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Wetlands

, Volume 36, Supplement 2, pp 273–285 | Cite as

Climate Change Effects on Prairie Pothole Wetlands: Findings from a Twenty-five Year Numerical Modeling Project

  • W. Carter JohnsonEmail author
  • Karen A. Poiani
Original Research

Abstract

This paper reviews the findings of a 25-year project (1990–2015) that has examined the potential effects of climate change on the vegetation structure, hydrologic function, and biodiversity of wetlands in the Prairie Pothole Region (PPR) of North America. The numerical modeling component of the project developed in phases, beginning with the building of a single basin model (WETSIM), followed by a multiple-basin model (WETLANDSCAPE-WLS), and ending with applications of a comprehensive WLS model to specific wetland issues: ecological thresholds and early detection of effects. Coincident with model development was the establishment of a long-term wetland monitoring field site (Orchid Meadows) that includes 18 years of continuous surface and groundwater data on a wetland complex. Also during the project, an intensive study of the historic climate of the PPR was conducted. Model simulations support the following conclusions: prairie wetlands are highly sensitive to climate change; a warmer climate without more precipitation will shrink the effective wetland area of the PPR and reduce waterfowl habitat; strong climatic gradients across the PPR, especially the strong east to west decline in precipitation, complicate the response of PPR wetlands to climate change and approaches to mitigation.

Keywords

Waterfowl habitat Wetland dynamics Thresholds Modeling history 

Notes

Acknowledgments

Many sources have funded our research over the years. Without their support, our project could not have been initiated or continued. These sources were: U. S. Environmental Protection Agency Global Change Program, Science to Achieve Results (STAR) program, and Habitat and Biological Diversity Research Program; U. S. Geological Survey Biological Resources Division Climate Change Program; U. S Fish and Wildlife Service; U. S. National Biological Survey Northern Prairie Wildlife Research Center; South Dakota Agricultural Experiment Station; Patuxent Wildlife Research Center.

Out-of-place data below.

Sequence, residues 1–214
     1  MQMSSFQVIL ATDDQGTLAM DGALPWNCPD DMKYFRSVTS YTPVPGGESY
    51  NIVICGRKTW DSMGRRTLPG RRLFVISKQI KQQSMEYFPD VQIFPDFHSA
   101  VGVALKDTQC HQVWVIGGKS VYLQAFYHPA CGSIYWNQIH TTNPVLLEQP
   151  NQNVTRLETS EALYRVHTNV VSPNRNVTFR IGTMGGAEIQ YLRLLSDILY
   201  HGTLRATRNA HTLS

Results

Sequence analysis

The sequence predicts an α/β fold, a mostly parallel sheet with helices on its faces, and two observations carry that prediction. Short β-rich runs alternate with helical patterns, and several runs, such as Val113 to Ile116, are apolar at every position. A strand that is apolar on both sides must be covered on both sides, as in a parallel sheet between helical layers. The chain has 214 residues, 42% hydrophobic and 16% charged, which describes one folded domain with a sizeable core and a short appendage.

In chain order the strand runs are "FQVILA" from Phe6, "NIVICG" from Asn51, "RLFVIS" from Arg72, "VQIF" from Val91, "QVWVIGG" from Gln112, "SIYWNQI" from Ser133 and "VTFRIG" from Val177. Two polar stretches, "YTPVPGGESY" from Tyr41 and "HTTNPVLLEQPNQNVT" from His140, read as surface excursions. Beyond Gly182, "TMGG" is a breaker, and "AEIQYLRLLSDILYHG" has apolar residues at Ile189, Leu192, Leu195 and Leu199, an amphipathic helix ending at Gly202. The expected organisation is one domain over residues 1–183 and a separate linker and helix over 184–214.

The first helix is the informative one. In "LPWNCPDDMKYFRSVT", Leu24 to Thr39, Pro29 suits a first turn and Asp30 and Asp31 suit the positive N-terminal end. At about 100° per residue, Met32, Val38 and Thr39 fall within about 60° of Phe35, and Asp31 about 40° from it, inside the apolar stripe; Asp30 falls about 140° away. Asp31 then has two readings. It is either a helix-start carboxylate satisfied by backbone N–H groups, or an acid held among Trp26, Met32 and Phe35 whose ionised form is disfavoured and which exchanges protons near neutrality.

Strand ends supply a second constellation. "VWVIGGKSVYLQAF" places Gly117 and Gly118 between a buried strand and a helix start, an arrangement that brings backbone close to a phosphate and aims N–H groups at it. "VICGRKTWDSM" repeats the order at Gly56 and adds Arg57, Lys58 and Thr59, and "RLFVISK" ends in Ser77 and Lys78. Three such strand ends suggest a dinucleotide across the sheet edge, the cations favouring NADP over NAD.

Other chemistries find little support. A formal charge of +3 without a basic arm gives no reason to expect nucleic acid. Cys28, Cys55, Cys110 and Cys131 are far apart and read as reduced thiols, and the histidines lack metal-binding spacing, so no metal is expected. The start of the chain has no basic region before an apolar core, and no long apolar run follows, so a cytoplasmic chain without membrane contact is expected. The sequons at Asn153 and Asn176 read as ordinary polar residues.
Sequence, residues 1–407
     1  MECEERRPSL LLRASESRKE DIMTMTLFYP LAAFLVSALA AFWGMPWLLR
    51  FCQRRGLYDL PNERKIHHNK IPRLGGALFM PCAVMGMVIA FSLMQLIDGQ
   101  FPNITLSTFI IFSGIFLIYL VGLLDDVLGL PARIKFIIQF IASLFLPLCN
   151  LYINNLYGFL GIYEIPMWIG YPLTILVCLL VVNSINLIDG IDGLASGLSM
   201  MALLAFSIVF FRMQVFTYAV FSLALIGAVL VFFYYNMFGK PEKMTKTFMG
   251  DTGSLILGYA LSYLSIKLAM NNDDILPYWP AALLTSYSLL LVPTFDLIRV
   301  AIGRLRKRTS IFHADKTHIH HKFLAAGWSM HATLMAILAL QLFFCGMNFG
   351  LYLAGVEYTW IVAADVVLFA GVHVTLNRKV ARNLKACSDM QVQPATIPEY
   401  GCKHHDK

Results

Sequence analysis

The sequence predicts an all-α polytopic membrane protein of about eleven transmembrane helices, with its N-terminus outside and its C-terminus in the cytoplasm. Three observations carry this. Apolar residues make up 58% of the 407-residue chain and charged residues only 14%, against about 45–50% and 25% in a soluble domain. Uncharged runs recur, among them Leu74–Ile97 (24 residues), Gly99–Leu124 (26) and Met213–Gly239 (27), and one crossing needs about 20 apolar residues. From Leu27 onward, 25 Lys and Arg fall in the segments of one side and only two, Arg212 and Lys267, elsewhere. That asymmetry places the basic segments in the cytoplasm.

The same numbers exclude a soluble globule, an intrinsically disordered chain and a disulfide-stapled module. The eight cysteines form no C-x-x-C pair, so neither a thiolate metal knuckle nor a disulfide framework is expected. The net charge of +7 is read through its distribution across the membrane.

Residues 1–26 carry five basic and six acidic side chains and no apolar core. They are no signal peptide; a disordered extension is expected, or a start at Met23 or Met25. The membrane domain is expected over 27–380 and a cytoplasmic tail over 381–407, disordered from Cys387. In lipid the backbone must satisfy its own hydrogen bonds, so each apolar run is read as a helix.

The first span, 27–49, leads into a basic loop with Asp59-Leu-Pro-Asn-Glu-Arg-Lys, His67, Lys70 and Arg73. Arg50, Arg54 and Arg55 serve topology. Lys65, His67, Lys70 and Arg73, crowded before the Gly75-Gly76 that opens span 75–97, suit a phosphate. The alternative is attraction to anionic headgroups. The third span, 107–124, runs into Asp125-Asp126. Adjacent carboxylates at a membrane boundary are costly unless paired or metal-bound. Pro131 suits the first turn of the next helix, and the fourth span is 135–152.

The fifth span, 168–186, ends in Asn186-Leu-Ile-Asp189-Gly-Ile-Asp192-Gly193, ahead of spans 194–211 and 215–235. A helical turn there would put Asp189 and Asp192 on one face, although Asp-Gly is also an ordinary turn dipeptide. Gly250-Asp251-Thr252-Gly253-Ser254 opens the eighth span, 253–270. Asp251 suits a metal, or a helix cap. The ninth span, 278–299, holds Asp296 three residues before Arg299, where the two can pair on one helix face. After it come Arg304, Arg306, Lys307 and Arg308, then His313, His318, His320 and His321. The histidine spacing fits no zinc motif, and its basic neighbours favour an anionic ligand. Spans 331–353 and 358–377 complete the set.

We gratefully acknowledge the hydrologic data and advice on hydrologic monitoring provided early in the project by Tom Winter and Don Rosenberry of the USGS. George Swanson of the Northern Prairie Wildlife Research Center deserves special thanks at the start for encouragement, generous support, and wetland data. A field visit by Carter Johnson and George to the Cottonwood Lake Area in the late 1980s was the first step taken on this long journey. About 20 scientists became co-authors on our research papers, and these are identified in the following literature cited section. Many others contributed new ideas, critical review, intellectual support, and collegiality to our project including: Jennifer Olker, Arnold van der Valk, Masaki Hayashi, Garth van der Kamp, Janet Keough, Chris Wright, Carol Johnston, Susan Skagen, Liu Ganming, Eugene Takle, Lucinda Johnson, Ben Rashford, and Richard Adams. Still others including Tom Tornow, Kyle Kelsey, Susan Boettcher, Craig Olawsky, Jim Lynch, Brett Werner, Tor Johnson and Tellef Johnson assisted in the Orchid Meadows wetland monitoring project that produced critically important data to build and test our wetland models.

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Copyright information

© Society of Wetland Scientists 2016

Authors and Affiliations

  1. 1.Department of Natural Resource ManagementSouth Dakota State UniversityBrookingsUSA
  2. 2.Island ConservationCaliforniaUSA

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